There were very few sources of sugar in Japan until the country was flooded with Snickers and friends after WWII. These persimmons were a real treat in days long ago. The astringent ones must be semi dried in the sun before they are edible. The tartness evaporates and you can find countless varieties of these naturally sugar-coated candied persimmon jelly fruits made with this basic sun dried technique all over Japan.
It is these astringent types that are the source of a tannin when they are still green in August. The simplest way to use the fruit to dye is to simply grate it and squeeze the pulp and paint the sticky tannin heavy juice onto whatever it is you want to dye. It should absorb deeply into the material or it will simply flake off after a few hours in the sun. After coating the juice in/on, simply place it in the direct sunlight and wait until it turns golden brown. You can hang it or place it flat on the ground. The point is to get as many direct rays and heat as quickly as possible. (This works on paper as well.)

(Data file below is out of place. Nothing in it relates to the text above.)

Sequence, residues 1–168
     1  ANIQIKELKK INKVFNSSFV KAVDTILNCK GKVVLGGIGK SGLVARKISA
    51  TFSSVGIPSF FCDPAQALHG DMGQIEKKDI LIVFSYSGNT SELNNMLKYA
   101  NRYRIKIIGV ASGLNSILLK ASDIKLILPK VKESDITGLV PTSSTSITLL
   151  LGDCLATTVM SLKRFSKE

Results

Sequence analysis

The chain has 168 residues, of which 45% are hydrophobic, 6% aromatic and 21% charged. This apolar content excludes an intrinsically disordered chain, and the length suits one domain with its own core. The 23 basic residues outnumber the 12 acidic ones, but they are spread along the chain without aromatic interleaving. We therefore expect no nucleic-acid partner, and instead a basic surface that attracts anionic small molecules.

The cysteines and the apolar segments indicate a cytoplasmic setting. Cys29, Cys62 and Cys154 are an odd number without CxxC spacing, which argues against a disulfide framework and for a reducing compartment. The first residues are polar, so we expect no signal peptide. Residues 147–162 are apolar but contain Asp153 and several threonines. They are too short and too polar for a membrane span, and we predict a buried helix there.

Japanese used the persimmon dye as a simple waterproofing for umbrellas, tools etc. and as a coating to make katazome stencil paper. In the past few years, the price of the bottled tannin has gone down and it seems everyone is dying something with it. Besides being a little messy to work with, taking time and needing good weather, it is relatively easy to use and the results are usually good. There are no 'expert' persimmon juice dyers like there are with indigo and other natural dyes. There has been no 'bible' or extensive research of it's history and usages been published as far as I know.
Takeshima san and I took Geiger for a walk and stumbled upon some persimmons fallen from a tree and we quickly gathered them and took them back to the house and I showed her how to process them. She was a little leery of how simple the process was as there is a rumor out there that it is tricky to use.